Indeed. On her own blog, Betty Ming Liu writes a response to Chua titled, “Parents like Amy Chua are the reason why Asian-Americans like me are in therapy” in which she calls Chua, “a narrow-minded, joyless bigot.”
And a question on Quora also generated several interesting responses to Chua’s piece, including one by Christine Lu which tells the story of her seemingly successful Asian-American sister who committed suicide. Lu writes, “the notion of the ‘superior Chinese mother’ that my mom carried with her also died with my sister.”
Even the Village Voice got in on the act. And a discussion forum has taken up the topic, with a number of people showing more agreement with Chua’s points than the posts linked to above. And a post from the Big Wowo blog looks at the article from the perspective of Chua’s interracial marriage: “People like Chua talk one thing and practice another. ‘I love the culture so much that I searched long and hard for a man who didn’t embody it. That’s patronage.”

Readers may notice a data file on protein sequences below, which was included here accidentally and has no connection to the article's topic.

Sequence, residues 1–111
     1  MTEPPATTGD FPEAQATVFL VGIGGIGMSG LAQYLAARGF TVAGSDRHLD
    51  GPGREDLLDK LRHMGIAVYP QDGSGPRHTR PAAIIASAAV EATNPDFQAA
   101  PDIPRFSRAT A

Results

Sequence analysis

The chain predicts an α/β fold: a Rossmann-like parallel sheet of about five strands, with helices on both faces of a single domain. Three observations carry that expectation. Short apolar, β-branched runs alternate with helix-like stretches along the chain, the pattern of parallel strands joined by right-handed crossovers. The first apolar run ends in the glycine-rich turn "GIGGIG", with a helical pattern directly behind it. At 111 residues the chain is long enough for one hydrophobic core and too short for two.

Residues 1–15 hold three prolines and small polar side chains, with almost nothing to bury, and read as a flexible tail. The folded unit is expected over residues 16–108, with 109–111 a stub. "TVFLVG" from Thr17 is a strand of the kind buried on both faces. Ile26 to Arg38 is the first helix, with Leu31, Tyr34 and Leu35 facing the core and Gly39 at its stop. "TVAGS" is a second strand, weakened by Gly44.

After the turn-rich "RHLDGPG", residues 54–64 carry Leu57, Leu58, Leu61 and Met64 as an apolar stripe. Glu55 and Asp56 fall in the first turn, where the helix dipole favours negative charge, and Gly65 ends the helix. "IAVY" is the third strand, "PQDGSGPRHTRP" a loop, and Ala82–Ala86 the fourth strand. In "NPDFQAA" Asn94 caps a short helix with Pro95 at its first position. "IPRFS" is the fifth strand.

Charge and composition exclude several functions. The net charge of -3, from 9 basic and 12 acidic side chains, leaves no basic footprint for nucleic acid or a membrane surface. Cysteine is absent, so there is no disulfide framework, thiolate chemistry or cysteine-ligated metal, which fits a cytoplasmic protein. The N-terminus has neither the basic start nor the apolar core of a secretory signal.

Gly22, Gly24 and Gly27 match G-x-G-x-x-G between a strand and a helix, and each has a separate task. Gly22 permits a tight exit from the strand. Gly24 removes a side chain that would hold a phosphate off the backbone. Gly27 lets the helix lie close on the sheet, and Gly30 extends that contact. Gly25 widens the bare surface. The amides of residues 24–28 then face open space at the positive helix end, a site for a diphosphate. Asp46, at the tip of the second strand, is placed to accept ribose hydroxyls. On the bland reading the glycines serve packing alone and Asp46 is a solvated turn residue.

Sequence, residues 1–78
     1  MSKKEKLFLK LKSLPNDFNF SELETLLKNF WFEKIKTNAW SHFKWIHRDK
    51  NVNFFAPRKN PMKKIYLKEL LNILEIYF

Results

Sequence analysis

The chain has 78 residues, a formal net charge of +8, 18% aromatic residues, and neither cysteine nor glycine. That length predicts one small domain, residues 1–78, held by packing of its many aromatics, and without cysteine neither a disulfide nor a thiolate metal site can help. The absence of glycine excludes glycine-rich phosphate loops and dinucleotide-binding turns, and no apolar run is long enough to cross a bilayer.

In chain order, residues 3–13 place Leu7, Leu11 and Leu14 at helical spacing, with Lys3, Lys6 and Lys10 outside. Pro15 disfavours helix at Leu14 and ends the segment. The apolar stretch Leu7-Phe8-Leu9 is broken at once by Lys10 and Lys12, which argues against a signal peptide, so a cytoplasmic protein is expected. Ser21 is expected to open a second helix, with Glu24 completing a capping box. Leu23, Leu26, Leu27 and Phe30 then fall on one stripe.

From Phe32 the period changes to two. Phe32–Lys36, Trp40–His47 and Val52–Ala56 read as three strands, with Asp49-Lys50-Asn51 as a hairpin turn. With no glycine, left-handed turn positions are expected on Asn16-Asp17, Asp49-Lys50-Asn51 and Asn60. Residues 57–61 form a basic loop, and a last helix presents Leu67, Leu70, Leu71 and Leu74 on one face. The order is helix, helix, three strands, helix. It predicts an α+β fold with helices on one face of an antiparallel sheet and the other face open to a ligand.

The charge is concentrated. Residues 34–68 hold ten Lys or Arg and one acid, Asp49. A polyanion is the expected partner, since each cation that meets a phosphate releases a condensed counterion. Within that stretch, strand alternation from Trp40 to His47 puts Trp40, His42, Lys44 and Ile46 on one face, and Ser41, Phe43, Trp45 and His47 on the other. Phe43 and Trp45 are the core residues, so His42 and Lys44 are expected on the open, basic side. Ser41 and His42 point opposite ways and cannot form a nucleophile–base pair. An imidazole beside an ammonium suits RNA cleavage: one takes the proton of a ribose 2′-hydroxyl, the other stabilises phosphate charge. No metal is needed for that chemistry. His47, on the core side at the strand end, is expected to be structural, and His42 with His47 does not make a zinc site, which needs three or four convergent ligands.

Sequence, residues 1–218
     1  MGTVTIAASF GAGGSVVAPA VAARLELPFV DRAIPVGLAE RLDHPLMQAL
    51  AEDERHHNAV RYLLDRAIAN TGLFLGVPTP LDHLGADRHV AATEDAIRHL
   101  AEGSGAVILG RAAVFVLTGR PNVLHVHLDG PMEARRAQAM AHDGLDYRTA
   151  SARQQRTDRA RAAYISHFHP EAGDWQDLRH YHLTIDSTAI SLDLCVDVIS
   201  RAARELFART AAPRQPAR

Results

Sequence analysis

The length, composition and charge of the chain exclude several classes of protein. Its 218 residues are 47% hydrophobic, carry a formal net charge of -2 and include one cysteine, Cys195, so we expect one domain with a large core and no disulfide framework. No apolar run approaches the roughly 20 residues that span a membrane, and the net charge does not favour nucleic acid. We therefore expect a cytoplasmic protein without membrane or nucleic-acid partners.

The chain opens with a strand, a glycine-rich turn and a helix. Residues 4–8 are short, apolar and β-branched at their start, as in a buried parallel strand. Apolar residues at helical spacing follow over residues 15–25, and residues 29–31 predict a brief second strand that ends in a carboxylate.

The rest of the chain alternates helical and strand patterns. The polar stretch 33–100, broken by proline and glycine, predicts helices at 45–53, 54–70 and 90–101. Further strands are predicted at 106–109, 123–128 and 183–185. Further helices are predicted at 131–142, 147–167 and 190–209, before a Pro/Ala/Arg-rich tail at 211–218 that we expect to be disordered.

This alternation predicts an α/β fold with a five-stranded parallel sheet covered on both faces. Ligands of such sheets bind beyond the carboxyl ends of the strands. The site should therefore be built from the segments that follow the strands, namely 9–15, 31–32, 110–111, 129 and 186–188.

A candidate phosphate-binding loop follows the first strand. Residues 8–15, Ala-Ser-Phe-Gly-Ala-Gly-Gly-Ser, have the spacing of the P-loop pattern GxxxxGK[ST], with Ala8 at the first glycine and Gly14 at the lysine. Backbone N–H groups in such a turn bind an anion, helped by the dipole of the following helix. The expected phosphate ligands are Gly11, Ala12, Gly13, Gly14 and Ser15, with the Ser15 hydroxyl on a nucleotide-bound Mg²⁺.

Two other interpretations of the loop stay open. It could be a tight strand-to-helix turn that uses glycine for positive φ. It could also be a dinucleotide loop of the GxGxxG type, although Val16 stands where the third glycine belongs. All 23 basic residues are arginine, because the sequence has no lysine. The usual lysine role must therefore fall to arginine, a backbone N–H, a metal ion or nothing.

[a Chinese mother by kevsunblush on flickr]
…In many ways, “Tiger Mother” did not disappoint. At night, I would nudge my husband awake to read him some of its more revealing passages, such as when author Amy Chua threatened to burn her older daughter’s stuffed animals if the child didn’t improve her piano playing. “What Chinese parents understand,” Chua writes, “is that nothing is fun until you’re good at it.” By day, I would tell my own two daughters about how Chua threw unimpressive birthday cards back at her young girls and ordered them to make better ones. For a mother whose half-Chinese children played outside while the kids of stricter immigrant neighbors could be heard laboring over the violin and piano, the book could be wickedly gratifying. Reading it was like secretly peering into the home of a controlling, obsessive, yet compulsively honest mother – one who sometimes makes the rest of us look good, if less remarkable and with less impressive offspring. Does becoming super-accomplished make up for years of stress? That’s something my daughters and I will never find out.
As a review of the book in Entertainment Weekly concludes, “We’ll just have to wait for her daughters’ memoirs.”